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Fox Home Video

Starring Geoffrey Rush, Kate Winslet and Michael Caine

Written by Doug Wright
Directed by Philip Kaufman

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Review by Dawn Taylor                    

I wonder what the Marquis de Sade would think of the rep he has in 21st century Western culture. His name has become synonymous with kinky sex (which would no doubt have pleased him) and discussions of his work in polite society have pretty much lost their shock value (which would have probably dismayed him). The main reason for this is that, while most people think they know what de Sade's work was about, they haven't ever read any of it, nor do they really know anything about the man.

Philip Kaufman's Quills, based on Doug Wright's Obie award-winning play, doesn't offer any elucidation on these matters. It's visually stunning, yes. It offers a world-class, scenery-chewing performance by Geoffrey Rush, of course. And it is — for the first two-thirds, anyway — a well-crafted piece of theater. But it's no more a "biopic" or historically accurate than ... oh, pick a movie. Shakespeare in Love. Amadeus. Bill and Ted's Excellent Adventure. Which is all right, I suppose. Movies are, after all, entertainments and not history lessons.

Quills is a sort of tragicomedy burlesque, with characters writ large and simple in as befits a rather awkward primer on the evils of censorship. Kaufman gives us the Marquis during his last days at Charendon Asylum — imprisoned for reasons that are left sort of open to interpretation. When the new chief physician, Dr. Royer-Collard (Michael Caine), asks why Sade is in an asylum rather than prison, he's told it's because of "his wife's influence ... better to have an insane spouse than a criminal one." In real life, it was his second incarceration at Charendon. The Marquis had spent over 30 years of his life making the rounds of various prisons, due to his unfortunate hobby of brutalizing (and, on at least one occasion, poisoning) prostitutes. We're not told what age the robust and energetic Rush is playing the Marquis here, who died in Charendon at age 74. But he's awfully sprightly for a fellow who spent his last 13 years in an asylum, elderly and in ill health.

Rush's Sade is a man who lives to write, his literary endeavors encouraged by the progressive Abbé de Coulmier (Joaquin Phoenix), who views Sade's obsessive scribblings as therapeutic. Aside from the fact that he's behind a big iron door that's locked on the outside, the Marquis has it pretty good — Persian rugs on the floor, a feather bed with velvet curtains, luxe furnishings, fine wine, and a wide assortment of erotic knick-knacks scattered about burgeoning bookshelves. He smuggles his works to the outside world through the believe-it-or-not virginal laundress Madeleine (Kate Winslet), who's the pin-up girl of the madhouse — huge, bald crazy men peek at her and masturbate, the Marquis insists on trading kisses for manuscript pages, and the chaste Abbé moons over her abundant cleavage as he gives her reading lessons.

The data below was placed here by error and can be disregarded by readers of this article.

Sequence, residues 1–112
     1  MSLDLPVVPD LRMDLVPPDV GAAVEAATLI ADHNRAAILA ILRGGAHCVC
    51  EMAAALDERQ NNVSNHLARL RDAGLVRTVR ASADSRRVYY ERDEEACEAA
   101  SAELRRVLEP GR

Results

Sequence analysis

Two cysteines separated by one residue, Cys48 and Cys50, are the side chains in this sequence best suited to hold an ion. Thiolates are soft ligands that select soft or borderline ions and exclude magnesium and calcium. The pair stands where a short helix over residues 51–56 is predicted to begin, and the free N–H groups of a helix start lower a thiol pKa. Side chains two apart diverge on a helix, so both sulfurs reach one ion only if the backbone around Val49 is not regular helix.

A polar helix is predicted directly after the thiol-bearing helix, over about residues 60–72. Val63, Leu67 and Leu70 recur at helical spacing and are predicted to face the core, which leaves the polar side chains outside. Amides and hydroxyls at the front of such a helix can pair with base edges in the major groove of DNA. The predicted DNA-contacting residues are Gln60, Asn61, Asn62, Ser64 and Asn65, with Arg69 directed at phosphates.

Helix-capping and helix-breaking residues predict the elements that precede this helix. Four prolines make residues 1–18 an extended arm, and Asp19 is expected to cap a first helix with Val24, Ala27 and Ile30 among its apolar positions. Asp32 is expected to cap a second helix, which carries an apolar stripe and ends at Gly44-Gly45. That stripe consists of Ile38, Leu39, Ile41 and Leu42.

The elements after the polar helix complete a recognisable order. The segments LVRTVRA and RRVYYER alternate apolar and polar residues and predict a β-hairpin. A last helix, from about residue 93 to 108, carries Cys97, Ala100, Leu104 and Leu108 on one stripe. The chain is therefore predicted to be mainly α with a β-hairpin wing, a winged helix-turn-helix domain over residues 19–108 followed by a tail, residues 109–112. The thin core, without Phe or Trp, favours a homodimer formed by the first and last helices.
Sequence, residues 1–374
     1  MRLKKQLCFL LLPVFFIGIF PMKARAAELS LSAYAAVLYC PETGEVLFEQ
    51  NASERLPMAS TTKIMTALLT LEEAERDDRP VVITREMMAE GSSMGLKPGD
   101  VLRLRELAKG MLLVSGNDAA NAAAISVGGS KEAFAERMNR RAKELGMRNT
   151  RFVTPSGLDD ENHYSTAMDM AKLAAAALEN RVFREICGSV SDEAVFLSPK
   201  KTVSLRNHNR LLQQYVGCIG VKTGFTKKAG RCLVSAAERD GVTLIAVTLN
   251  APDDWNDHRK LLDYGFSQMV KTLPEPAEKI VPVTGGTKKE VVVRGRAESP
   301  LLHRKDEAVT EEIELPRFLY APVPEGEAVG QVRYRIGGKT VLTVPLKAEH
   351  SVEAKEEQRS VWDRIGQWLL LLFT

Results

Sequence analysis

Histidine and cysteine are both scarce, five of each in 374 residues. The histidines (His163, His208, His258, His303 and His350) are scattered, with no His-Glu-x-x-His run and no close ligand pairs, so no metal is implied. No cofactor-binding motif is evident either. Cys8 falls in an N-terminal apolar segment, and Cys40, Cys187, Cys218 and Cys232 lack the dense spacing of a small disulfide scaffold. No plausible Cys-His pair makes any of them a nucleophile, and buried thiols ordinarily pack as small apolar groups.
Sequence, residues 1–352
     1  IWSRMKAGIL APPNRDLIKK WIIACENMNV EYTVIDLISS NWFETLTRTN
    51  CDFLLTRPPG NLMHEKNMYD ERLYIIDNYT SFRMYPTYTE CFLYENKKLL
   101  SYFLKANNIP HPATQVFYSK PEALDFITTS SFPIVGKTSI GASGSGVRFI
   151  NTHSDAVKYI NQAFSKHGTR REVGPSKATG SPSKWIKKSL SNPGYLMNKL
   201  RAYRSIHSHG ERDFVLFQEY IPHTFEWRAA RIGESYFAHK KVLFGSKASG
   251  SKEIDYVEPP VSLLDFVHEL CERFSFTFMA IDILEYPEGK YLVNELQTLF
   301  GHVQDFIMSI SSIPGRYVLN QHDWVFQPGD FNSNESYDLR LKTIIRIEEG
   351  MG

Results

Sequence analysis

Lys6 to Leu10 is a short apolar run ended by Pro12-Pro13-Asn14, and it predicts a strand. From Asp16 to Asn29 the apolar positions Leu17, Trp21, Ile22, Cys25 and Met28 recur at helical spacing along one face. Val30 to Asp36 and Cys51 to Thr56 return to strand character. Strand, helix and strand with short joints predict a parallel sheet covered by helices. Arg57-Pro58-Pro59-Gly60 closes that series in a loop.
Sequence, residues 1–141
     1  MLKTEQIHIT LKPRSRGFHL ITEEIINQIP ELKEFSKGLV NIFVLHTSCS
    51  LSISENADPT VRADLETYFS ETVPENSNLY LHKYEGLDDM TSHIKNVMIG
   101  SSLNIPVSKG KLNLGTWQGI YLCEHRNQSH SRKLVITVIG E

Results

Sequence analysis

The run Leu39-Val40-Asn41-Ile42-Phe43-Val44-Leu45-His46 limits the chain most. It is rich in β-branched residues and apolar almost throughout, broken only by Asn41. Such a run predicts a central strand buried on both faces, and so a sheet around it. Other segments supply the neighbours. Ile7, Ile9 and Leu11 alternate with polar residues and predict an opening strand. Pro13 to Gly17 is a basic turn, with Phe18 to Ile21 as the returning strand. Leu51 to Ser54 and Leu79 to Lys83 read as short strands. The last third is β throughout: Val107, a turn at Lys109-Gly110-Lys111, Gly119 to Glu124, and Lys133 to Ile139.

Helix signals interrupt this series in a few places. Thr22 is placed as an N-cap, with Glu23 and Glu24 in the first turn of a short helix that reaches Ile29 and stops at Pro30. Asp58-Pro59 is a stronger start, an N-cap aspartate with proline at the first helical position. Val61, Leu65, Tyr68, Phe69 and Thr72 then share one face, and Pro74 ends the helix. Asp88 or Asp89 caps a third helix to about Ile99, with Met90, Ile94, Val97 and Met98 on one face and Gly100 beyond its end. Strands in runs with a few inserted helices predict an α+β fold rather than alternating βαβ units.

When the popularity of the published works reaches the ears of Napoleon, Dr. Royer-Collard is dispatched to get Sade under control. Kaufman has said that his inspiration while directing the good doctor was none other than U.S. Independent Counsel (and Clinton investigator) Kenneth Starr, and Caine plays him as an all-out Gothic baddie. On arrival at Charendon, he first sees Sade running a group of asylum inmates through the paces of a play, "The Happy Shoemaker." When the Abbé tells him that the plays are good therapy for the patients, Royer-Collard drawls that "playing dress-up with cretins sounds like a symptom of madness, not a cure." His methods are more hands-on — Iron Maidens and drowning chairs, to be exact. And when the doctor purchases himself an orphaned child-bride from a nunnery and proceeds to forcibly bugger her on their wedding night, the point is hammered home who the real sadist in this story is.